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Watanabe Laboratory, Department of Bioengineering, Nagaoka University of Technology

Neurons and glia are the most important cells in the brain. More than 100 billion of neurons form neural networks. Glia, which outnumber neurons by ten fold, support the function of neurons. For the formation of neural networks, neurons extend neural processes precisely to the targets by communicating with various molecules on the surface of the surrounding cells including glia during development. Neuron-neuron and neuron-glia communication are also important for the brain function during adulthood. In these communications, neural recognition molecules play essential roles.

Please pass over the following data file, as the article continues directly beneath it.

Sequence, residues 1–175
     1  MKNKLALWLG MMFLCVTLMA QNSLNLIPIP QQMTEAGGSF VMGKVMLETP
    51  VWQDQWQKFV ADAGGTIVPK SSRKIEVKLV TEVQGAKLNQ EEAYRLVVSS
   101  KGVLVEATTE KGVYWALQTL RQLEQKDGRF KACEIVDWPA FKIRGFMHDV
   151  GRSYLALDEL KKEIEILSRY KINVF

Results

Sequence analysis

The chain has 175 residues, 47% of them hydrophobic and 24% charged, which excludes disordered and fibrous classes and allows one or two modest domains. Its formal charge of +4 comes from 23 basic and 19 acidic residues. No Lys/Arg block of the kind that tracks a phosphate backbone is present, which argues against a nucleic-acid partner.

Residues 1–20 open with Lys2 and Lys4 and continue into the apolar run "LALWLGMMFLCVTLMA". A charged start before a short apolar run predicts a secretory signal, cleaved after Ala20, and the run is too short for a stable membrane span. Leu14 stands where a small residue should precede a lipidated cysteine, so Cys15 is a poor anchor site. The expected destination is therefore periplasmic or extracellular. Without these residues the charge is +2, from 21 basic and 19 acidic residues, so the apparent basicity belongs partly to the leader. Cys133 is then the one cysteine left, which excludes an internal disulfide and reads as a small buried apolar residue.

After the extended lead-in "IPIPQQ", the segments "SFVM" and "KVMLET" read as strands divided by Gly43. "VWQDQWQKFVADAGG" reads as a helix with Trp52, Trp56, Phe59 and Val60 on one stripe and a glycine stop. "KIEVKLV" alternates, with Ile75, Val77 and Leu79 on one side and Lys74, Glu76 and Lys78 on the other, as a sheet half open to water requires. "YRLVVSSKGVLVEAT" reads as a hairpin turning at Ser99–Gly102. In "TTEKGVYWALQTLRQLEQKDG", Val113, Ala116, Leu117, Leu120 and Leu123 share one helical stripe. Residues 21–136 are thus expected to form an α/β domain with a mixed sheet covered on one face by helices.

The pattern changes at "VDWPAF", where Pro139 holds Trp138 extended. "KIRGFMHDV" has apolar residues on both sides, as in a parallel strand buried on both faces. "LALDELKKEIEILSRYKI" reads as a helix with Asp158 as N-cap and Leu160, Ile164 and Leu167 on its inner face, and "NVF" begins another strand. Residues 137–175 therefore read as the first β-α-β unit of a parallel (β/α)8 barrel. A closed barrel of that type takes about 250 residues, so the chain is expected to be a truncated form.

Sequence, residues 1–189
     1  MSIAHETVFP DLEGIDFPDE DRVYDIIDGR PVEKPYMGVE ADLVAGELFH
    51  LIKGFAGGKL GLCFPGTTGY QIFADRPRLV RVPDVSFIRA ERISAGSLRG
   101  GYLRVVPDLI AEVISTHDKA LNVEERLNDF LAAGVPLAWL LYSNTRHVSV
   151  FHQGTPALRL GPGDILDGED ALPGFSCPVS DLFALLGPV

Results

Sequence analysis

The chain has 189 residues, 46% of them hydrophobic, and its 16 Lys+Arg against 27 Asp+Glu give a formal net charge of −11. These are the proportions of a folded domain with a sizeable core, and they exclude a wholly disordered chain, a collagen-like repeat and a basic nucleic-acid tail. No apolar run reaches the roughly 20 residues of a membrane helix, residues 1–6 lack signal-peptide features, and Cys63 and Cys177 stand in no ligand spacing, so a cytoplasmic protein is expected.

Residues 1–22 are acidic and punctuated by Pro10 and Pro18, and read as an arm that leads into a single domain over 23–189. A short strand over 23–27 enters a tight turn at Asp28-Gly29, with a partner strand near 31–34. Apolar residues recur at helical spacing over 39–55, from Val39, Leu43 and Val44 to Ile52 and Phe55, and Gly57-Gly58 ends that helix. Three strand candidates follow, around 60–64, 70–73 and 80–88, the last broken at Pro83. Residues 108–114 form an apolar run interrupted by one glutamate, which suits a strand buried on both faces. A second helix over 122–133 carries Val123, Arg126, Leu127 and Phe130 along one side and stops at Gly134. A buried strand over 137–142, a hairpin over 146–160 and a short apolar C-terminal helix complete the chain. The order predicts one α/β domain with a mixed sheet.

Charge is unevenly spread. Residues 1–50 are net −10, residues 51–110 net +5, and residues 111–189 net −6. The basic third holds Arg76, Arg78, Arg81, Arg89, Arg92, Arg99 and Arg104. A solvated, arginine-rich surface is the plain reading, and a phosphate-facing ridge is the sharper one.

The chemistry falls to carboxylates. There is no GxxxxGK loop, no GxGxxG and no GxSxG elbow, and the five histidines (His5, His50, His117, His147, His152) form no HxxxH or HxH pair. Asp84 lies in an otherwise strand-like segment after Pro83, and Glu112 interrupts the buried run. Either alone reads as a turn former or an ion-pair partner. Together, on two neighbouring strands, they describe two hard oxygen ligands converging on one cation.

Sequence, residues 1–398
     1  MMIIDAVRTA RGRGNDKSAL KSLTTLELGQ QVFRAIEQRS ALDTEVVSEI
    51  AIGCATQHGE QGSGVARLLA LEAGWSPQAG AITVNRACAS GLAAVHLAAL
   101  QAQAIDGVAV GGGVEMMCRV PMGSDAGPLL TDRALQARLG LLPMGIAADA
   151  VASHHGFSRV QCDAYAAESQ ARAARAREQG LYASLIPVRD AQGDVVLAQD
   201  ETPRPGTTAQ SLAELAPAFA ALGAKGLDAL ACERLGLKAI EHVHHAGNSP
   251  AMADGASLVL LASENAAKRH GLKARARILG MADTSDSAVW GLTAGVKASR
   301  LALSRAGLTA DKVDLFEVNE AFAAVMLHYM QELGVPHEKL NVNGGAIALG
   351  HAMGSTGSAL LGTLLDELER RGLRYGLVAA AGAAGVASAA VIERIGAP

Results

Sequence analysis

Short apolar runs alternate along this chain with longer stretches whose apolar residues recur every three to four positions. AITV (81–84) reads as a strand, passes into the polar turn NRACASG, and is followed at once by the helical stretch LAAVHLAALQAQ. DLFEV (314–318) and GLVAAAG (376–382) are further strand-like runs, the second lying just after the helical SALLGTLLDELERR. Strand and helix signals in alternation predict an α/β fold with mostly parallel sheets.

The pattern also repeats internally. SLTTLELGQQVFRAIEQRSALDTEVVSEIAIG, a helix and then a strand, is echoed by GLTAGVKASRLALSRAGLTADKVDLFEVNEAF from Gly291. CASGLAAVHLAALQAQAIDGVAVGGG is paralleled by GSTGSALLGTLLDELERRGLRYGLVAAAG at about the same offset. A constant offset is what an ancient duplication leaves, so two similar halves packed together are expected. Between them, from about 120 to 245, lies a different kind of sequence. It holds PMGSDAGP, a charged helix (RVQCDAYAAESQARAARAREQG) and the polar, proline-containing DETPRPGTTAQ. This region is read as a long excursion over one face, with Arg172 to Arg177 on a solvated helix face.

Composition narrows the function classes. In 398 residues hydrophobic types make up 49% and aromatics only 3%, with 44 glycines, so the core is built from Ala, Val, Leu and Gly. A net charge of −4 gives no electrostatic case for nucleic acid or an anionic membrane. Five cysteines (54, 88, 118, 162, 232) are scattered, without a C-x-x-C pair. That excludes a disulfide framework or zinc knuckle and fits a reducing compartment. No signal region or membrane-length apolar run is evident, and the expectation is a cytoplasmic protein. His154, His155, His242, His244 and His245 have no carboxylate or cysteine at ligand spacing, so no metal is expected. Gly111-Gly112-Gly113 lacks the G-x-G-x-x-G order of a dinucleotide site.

We are studying the function of neural recognition molecules to understand the molecular mechanisms underlying the neural differentiation, formation of neural network and the higher order function of the brain.

Contactin Subgroup Molecules

TAG-1, NB-2 and NB-3 are neural recognition molecules in the contactin subgroup, which is expressed specifically in the nervous system. Contactin subgroup is a glycosylphosphatidyl inositol-llinked immunoglobuin suprefamily with six immunoglobulin-like domains and four fibronectin type III-like repeats.

Gene-Deficient Mice of Contactin Subgroup Molecules

We generated three kinds of mice, which are deficient for TAG-1, NB-2 or NB-3. All of these mice displayed behavioral abnormalities. TAG-1-null mice are more sensitive to convulsant stimuli than wild-type mice. NB-2-null mice exhibit low incidence of audiogenic seizure and low response to pure tone stimulation. NB-3-null mice are impaired motor coordination. We are currently analyzing these mice using various techniques.